BOP(Benzotriazol-1-yloxy)tris-(dimethylamino)phosphonium hexafluorophosphate
DIPEA N,N-Diisopropylethylamine
Fmoc-SPPSFluorenylmethyloxycarbonyl solid phase peptide synthesis
RP-HPLCReverse phase high performance liquid chromotography

Conflicts of interest

There are no conflicts to declare.


Financial support provided by the Netherlands Organization for Scientific Research (PhD grant to TMW) and The European Research Council (ERC consolidator grant to NIM, grant agreement no. 725523).

Notes and references

  1. J. O'Neill, Antimicrobial resistance: tackling a crisis for the health and wealth of nations, 2014. Search PubMed.
  2. CDC, Antibiotic use in the United States, 2017: Progress and Opportunities, US Department of Health and Human Services, CDC, Atlanta, GA, 2017 Search PubMed.
  3. M. N. Gwynn, A. Portnoy, S. F. Rittenhouse and D. J. Payne, Ann. N. Y. Acad. Sci., 2010, 1213, 5–19 CrossRef PubMed.
  4. A. E. Muller and I. C. Gyssens, Kucers' Use Antibiot. A Clin. Rev. Antibacterial, Antifung. Antiparasit. Antivir. Drugs, Seventh Ed., 2017, 2, 866–907 Search PubMed.
  5. R. Sauermann, M. Rothenburger, W. Graninger and C. Joukhadar, Pharmacology, 2008, 81, 79–91 CrossRef CAS PubMed.
  6. R. H. Baltz, Curr. Opin. Chem. Biol., 2009, 13, 144–151 CrossRef CAS PubMed.
  7. G. Seydlová, A. Sokol, P. Lišková, I. Konopásek and R. Fišer, Antimicrob. Agents Chemother., 2019, 63, 1–14 Search PubMed.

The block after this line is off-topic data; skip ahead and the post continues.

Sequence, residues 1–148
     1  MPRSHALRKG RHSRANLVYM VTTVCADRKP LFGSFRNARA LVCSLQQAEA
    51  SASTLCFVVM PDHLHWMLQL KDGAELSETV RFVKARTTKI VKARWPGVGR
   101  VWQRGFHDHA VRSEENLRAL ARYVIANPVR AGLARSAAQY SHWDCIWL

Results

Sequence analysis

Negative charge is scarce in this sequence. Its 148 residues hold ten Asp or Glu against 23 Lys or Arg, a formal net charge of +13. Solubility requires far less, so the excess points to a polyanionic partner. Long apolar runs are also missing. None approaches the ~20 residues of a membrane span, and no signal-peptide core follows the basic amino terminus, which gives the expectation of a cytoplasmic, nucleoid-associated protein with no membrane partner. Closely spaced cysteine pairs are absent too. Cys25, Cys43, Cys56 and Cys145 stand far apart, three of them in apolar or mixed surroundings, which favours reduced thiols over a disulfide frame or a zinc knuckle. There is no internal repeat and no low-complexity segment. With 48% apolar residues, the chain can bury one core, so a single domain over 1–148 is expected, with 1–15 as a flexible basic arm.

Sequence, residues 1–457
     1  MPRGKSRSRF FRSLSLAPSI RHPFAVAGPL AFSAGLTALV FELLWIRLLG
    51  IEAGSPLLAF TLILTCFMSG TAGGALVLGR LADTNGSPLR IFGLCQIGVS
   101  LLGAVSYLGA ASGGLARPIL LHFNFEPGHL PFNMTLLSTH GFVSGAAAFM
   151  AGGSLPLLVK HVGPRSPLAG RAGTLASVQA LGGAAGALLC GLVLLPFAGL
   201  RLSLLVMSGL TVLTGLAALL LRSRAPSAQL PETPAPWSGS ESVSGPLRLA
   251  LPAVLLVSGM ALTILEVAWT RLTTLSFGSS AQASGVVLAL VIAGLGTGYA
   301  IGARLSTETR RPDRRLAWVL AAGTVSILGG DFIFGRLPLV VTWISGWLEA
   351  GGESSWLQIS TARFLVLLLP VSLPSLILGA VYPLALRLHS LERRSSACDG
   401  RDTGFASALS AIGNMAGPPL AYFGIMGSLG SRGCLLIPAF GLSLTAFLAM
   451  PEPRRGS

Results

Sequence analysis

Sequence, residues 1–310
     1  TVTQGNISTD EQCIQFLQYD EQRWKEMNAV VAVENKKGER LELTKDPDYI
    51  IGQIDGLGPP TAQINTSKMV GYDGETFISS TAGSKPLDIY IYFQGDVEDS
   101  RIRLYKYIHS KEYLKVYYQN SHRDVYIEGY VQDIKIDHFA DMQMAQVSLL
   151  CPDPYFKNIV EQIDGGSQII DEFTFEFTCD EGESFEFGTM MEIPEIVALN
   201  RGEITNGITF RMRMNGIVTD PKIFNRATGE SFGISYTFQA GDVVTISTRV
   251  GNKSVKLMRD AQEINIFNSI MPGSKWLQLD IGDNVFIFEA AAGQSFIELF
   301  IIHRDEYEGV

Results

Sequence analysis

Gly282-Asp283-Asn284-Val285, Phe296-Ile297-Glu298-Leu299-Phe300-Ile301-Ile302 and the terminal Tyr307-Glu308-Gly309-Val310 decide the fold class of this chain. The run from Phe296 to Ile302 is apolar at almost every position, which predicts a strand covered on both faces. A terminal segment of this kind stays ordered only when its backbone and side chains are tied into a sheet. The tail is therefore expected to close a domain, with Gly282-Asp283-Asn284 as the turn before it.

8. H. Naganawa, M. Hamada, K. Maeda, Y. Okami, T. Takeuchi and H. Umezawa, J. Antibiot. (Tokyo), 1968, XXI, 55–62 CrossRef PubMed.
  9. D. B. Borders, R. A. Leese, H. Jarolmen, N. D. Francis, A. A. Fantini, T. Falla, J. C. Fiddes and A. Aumelas, J. Nat. Prod., 2007, 70, 443–446 CrossRef CAS PubMed.
  10. L. H. Kleijn, S. F. Oppedijk, P. 't Hart, R. M. van Harten, L. A. Martin-Visscher, J. Kemmink, E. Breukink and N. I. Martin, J. Med. Chem., 2016, 59, 3569–3574 CrossRef CAS PubMed.
  11. L. H. J. Kleijn, H. C. Vlieg, T. M. Wood, J. Sastre Toraño, B. J. C. Janssen and N. I. Martin, Angew. Chem., Int. Ed., 2017, 56, 16546–16549 Search PubMed.
  12. R. H. Baltz, V. Miao, S. K. Wrigley and V. Miao, Nat. Prod. Rep., 2005, 717–741 RSC.
  13. M. Strieker and M. A. Marahiel, ChemBioChem, 2009, 10, 607–616 CrossRef CAS PubMed.
  14. T. M. Wood and N. I. Martin, MedChemComm, 2019, 10, 634–646 RSC.
  15. L. Corcilius, N. T. Elias, J. L. Ochoa, R. G. Linington and R. J. Payne, J. Org. Chem., 2017, 82, 12778–12785 CrossRef CAS PubMed.
  16. J. Michael Conlon, R. Al-Kharrge, E. Ahmed, H. Raza, S. Galadari and E. Condamine, Peptides, 2007, 28, 2075–2080 CrossRef PubMed.
  17. Clinical Laboratory Standard Institute, Methods for Dilution Antimicrobial Susceptibility Tests for Bacteria That Grow Aerobically; Approved Standard—Ninth Edition Performance Standards for Antimicrobial Susceptibility Testing; Twenty-Second Informational Supplement, 2012, vol. 32.


Electronic supplementary information (ESI) available: NMR, HPLC and IC50 curves. See DOI: 10.1039/c9ob02534k

This journal is © The Royal Society of Chemistry 2020